FRANKFURT – Top executives from General Motors who sit on the board of loss-making European brand Opel are meeting on Wednesday to approve the first closure of a German car factory in decades.
As part of a comprehensive turnaround plan, Opel will end producing Zafira MPVs at its 50-year old Bochum plant by the end of next year, a move that has triggered a rare and public split within union ranks following months of tough negotiations.
The closure, which will lead to the loss of 3,000 jobs in Bochum, north-western Germany, is a key element in management's strategy to achieve profitability in 2015 at the earliest after what will then be 15 straight years of losses for GM in Europe.
Carmakers across Europe are cutting production to cope with plunging demand in an ailing economy. Data on Wednesday showed European car sales fell 10.3 percent in March.
Labor leaders in Bochum, a former coal mining town in the economically depressed Ruhr region, believe colleagues at Opel's other three German plants were all too willing to sacrifice Bochum in order to save their own factories.
Betting GM would not take the unusual and costly step of shifting production and tooling of the Zafira prior to 2017, the Bochum works council led opposition against a compromise deal that would have kept the plant running through the end of the model's life-cycle.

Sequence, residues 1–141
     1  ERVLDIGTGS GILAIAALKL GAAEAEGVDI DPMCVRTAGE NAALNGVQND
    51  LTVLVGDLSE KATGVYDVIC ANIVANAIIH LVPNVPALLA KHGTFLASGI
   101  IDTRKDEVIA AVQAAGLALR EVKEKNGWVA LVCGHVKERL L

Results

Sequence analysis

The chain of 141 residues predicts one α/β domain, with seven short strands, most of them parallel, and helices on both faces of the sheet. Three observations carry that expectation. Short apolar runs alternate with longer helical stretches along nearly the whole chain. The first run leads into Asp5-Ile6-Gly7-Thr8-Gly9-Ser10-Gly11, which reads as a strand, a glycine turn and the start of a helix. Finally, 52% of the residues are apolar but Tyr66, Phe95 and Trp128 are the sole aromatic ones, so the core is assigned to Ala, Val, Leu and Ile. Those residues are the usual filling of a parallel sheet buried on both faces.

"General Motors said they were willing at most to keep 1,200 people on board, but nothing was set in stone. It never made any concrete binding offer to the workforce, so our entire staff would have had to hope they kept up their end of the bargain," Bochum works council head Rainer Einenkel, who also sits on the board of Opel, told Reuters.
Einenkel's three fellow works council chiefs, who have all since inked deals protecting their constituents from cuts, are now in the uneasy position of having to support Bochum's labor leader, from whom they have distanced themselves publicly.
"Unions on the board will vote against the closure even if Einenkel has not made himself any friends. As much as I think it would be a good idea to send a message, I don't think unions will abstain - that would be too much of an insult to the Bochum workforce," said a company source familiar with the matter.
Even if all the union representatives vote against the closure, however, the plan will be approved if it is backed by the other board members, as is expected.
Wednesday's boardroom decision will also likely mean that the historic home plant of Opel in Ruesselsheim will profit from Bochum's demise as company sources say it is set to build the Zafira during the last two years of the model's life-cycle.
"If a decision is taken tomorrow to shift production of the Zafira to another German factory for 2015 and 2016, then I hope the workforce would refuse out of solidarity to Bochum," Einenkel said.
(Reporting by Christiaan Hetzner; Editing by Mark Potter)